Family vacation mixed with natural disasters.
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Every year up until I graduated from high school, my family would plan a summer vacation with plenty of sand, sun and mass confusion. Our family vacations included at least 12 men, women and children shoved into an airplane, then smashed into a van, and eventually a rental home somewhere in Kissimmee, Los Angeles, or Myrtle Beach. In this particular year it was a mid-August flight to Orlando all because my youngest cousin wanted to visit a mouse.
Why my family chose to vacation in Florida during the season of Hurricane Charlie, and the most humid month of the year, I had no idea. The sun beat on us for four days with many seeking refuge in the pool; our wet foot prints immediately evaporating before we could reach the screen door of our rented home. When we visited the Magic Kingdom on the fifth day it poured in 15 minute intervals. There is a photo of me somewhere wearing a bright yellow Mickey poncho, my Tigger ears drenched, and a smile on my face. I had no knowledge of the hurricane approaching, and with several rides closed, including the home of the infamous mouse, we sought cover in the “It’s a Small World” ride. As what seemed to be hundreds of people crowding in line and piling into boats, the aged motors of the ride could not take it, and we managed to break down somewhere in Deutschland. I remained unfazed just watching the dirty water underneath the boat and listening to the thunder that growled from Charlie.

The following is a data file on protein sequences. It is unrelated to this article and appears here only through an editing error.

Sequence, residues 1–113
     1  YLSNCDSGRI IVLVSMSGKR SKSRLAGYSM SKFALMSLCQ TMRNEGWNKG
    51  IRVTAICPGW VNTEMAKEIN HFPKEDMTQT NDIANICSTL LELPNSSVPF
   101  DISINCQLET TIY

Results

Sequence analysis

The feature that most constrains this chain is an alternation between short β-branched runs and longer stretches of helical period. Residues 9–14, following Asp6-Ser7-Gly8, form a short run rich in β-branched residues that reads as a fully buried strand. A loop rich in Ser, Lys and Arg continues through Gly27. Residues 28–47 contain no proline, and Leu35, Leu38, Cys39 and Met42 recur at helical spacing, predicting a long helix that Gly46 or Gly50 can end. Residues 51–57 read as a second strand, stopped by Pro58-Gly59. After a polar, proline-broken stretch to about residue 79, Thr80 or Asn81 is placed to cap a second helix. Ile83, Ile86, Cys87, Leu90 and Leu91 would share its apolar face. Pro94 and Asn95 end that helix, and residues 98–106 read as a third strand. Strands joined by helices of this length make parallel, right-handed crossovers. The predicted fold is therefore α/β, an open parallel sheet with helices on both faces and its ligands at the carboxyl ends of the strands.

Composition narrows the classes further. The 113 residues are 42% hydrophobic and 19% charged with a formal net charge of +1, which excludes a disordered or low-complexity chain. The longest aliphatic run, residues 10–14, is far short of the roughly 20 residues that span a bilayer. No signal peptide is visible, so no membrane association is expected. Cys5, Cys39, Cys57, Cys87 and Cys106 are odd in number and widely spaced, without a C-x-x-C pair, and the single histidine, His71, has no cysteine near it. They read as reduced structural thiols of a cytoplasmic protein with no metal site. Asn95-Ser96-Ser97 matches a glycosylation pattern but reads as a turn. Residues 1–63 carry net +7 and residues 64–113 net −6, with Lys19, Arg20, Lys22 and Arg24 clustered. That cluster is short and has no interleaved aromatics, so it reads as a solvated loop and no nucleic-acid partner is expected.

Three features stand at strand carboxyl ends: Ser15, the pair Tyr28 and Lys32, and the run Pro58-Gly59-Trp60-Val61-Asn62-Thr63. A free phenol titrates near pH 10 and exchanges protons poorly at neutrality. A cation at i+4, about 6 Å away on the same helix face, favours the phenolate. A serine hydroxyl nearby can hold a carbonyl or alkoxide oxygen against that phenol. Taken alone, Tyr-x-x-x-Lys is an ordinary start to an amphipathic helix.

When we made it back to the home, family activities continued as the adults cooked dinner, and the children ran around outside weaving in and out of shadows the clouds attempted to form around us. The air remained thick and when we went inside to eat with our parents the cool central air removed the humidity that blanketed our faces, making it easier to breathe and laugh with loved ones. As the evening approached the hurricane became stronger and some time around midnight I was awakened by the banter of my aunts terrified that the electricity had cut out. Florida in August means 100 degree weather both day and night. Within an hour we were slowly dying from heat exhaustion when my family decided it would be best if we all gathered together in the living room and wait for the storm to pass. How we would all be safe if the roof blew off by being in one room I also had no idea. I guess it just meant we would all die together. Seeing as it was a family vacation I guess it was fitting to stick with a theme. With no air conditioning we soon passed out and awakened to stiff necks and backs. All of our flights were cancelled due to the devastation that Charlie left behind and that morning we all sat in the airport for stand-by flights. I remember filling an empty seat between this bickering couple on my way back home miserable that my vacation had ended which meant summer was almost over.
A week later I left for college and soon after my mother, and her sisters, all divorced their husbands. While summer vacations became a thing of the past, and now I see everyone in pieces with new spouses and half siblings, I appreciate the last memory of my family, all of us together, untorn by a storm.